Non-fungible tokens (NFTs) burst into the mainstream financial scene with a splash, most notably via the Beeple auction, but even though average prices might have come down from those initial levels, these cryptoassets are here to stay. Recent market volume demonstrates how quickly these instruments have become a billion dollar asset class.
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Cryptocurrency and other cryptoassets continue to rapidly evolve, develop, and become more integrated into mainstream financial markets and conversations, but the majority of investor conversation is still connected to bitcoin and other cryptocurrencies. That said, when looking under the surface, it becomes quite clear that the blockchain and cryptoasset space has evolved far beyond just cryptocurrency trends and price volatility.
Whether it is the increasing utilization of smart contracts for various enterprise applications, decentralized finance (DeFi), central bank digital currencies (CBDCs) or NFTs the underlying trend is clear; cryptoassets are evolving and becoming more sophisticated.
But, what exactly are NFTs? More importantly, how are these cryptoassets different from other forms of crypto, especially as it pertains to enterprise adoption and implemented? While every single cryptoasset is going to operate differently, and NFTs are no exception to this rule, there are several general trends that should be taken into account.
Setting aside the previous discussion around the price per individual NFT, let’s take a look at just what investors and entrepreneurs should know about these cryptoassets.
Unique and distinct. As the name would seem to indicate, each and every NFT is a distinct and unique asset, which differentiates them from other existing forms of crypto. Be it decentralized crypto such as bitcoin, privately issues and managed stablecoins, or even the potential for a CBDC, every single one of these crypto are fungible in nature. Without diving too much into the minutia of accounting terminology, this means that every single crypto can be exchanged for each other as equivalent items.
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Non-fungible tokens are not able to be freely exchanged for one another, since each NFT represents a unique piece of cryptographically secured data. This also means that, unlike other crypto, NFTs are not normally used as a medium of exchange, nor were they designed to be used in such a manner in the first place.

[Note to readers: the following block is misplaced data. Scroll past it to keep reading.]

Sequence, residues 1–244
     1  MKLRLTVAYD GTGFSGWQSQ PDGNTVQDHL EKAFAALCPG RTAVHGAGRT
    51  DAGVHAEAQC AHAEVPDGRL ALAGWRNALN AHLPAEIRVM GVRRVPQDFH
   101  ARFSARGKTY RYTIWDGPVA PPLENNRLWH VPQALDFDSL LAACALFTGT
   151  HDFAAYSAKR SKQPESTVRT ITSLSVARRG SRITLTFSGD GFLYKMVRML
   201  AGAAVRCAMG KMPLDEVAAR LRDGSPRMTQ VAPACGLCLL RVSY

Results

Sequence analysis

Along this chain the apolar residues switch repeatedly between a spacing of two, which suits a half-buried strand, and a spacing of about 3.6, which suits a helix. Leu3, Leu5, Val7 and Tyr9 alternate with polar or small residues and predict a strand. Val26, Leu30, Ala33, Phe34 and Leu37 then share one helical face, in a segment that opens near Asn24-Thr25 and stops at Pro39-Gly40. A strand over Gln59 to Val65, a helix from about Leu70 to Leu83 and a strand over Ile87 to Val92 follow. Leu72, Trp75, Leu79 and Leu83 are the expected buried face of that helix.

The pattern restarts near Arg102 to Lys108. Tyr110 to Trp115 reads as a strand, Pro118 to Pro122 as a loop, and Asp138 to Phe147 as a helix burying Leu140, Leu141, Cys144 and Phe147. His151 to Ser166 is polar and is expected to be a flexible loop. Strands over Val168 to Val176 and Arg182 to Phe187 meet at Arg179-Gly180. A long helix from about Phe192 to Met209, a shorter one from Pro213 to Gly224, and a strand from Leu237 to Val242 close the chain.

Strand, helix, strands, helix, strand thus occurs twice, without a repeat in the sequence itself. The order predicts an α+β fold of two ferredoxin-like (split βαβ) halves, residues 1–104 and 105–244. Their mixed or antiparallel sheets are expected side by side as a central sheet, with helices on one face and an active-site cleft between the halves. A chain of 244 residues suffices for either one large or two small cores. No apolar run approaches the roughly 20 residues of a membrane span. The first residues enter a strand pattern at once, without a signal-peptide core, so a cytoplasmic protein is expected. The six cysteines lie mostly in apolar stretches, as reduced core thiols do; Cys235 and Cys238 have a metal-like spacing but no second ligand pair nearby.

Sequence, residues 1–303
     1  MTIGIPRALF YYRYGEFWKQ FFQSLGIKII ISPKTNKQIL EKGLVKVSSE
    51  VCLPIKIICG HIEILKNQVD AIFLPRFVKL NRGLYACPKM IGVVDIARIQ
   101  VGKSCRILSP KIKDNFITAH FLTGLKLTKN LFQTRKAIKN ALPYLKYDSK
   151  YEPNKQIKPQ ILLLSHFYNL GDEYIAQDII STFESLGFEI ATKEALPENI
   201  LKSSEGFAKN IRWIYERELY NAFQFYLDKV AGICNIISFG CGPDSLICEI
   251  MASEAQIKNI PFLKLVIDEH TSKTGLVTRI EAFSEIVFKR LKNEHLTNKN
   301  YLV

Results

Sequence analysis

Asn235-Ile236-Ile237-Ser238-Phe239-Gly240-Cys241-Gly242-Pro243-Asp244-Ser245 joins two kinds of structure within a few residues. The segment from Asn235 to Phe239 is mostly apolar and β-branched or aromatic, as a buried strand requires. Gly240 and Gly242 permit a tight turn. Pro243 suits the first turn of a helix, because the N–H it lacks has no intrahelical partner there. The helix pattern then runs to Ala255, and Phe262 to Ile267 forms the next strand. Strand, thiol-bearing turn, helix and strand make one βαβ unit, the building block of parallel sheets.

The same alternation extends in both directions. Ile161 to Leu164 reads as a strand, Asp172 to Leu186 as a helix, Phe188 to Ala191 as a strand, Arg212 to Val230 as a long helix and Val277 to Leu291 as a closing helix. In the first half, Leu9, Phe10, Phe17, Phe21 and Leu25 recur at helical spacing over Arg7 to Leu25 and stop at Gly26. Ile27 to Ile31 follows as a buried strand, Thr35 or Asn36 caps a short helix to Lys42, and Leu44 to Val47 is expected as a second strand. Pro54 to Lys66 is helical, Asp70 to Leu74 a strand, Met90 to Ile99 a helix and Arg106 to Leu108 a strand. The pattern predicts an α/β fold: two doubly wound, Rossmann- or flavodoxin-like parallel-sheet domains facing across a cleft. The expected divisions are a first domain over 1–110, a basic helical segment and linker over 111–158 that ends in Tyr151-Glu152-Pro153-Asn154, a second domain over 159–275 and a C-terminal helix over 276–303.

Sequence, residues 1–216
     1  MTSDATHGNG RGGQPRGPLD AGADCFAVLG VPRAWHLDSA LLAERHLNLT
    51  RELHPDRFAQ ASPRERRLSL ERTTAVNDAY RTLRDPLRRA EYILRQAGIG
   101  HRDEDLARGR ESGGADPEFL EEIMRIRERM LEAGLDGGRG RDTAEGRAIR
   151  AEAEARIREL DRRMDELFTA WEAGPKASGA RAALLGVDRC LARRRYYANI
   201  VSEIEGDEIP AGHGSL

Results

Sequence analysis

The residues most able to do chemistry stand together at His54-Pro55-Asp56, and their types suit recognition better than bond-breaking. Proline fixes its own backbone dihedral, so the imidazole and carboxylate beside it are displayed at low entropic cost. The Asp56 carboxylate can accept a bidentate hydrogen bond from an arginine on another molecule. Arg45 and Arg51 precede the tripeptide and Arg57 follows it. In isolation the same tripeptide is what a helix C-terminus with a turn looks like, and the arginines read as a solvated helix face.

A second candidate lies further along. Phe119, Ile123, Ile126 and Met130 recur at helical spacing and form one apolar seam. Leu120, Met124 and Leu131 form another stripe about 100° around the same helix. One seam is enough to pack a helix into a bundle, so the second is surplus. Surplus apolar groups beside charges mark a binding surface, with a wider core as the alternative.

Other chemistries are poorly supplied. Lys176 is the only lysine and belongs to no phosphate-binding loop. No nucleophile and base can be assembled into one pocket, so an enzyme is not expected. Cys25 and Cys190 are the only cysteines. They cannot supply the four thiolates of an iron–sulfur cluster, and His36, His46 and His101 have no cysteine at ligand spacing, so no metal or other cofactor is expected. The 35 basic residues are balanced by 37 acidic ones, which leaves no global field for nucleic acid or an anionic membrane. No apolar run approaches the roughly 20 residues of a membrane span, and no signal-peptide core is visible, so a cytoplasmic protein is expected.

Tax implications. As with every other form of cryptoasset the tax scenarios around NFTs are complicated and subject to rules that can – and most likely will – change. That said, the current tax treatment around crypto means that every single time a cryptoasset is exchanged, changes ownership, or is otherwise transferred between different counterparties there is an income tax event generated.
Even if there is no gain that generates a tax liability, the reporting and compliance issues still do exist; this further mitigates against NFTs being used for transactional purposes.
Monetization. The initial concept of an NFT was captured and utilized primarily by artists and other content creators seek to secure and protect different types of intellectual property. Artists, entertainers, musicians, and other creators of information might have been the first groups to recognize the potential of NFTs, but they are certainly not the last. One interesting new factor that has recently entered in to the conversation is the ability of NFT investors and owners to further monetize these assets.
Outside of benefitting from the price appreciation, assuming any such appreciation does occur, there is also the option for some investors to monetize NFTs and create income streams. The specifics of every royalty or income based agreement will vary from asset to asset – and is important for the creator and investor to understand – this opens the door for further refinement. Creating additional income streams, however, also creates the potential for more complicated tax scenarios and highlights the need for crypto tax planning to play a large role moving forward.
More than art. One last fact that should be mentioned is that the NFT sector is already moving far beyond simply securing artwork and other forms of artistic related content. Everything from deeds and mortgages, to commodities and rare materials such as diamonds, to personally identifiable information (PII) can – and is – being positively impacted by the growing size of the NFT sector.
Protecting and securing data is an integral part of any successful business or economic sector, and NFTs represent a quantifiable step forward toward making the security of blockchain more accessible, understandable, and available for individuals and organizations across the economy.
NFTs might have burst out into the mainstream economic conversation as a direct result of the price levels achieved by several of the initial auctions. Setting aside those, albeit exciting, headlines the underlying message has other stronger economic fundamentals. NFTs may have been traditionally associated with artwork and other creative content, but have potential implications across a wide swath of economic sectors and areas. As with any new and creative financial instrument, but especially for cryptoassets, the individuals and firms that will benefit the most are those that are proactive and forward looking.
NFTs are here to stay, and understanding these cryptoassets is shifting from a nice-to-have, to a must-have sooner rather than later.
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Author: Sean Stein Smith, Contributor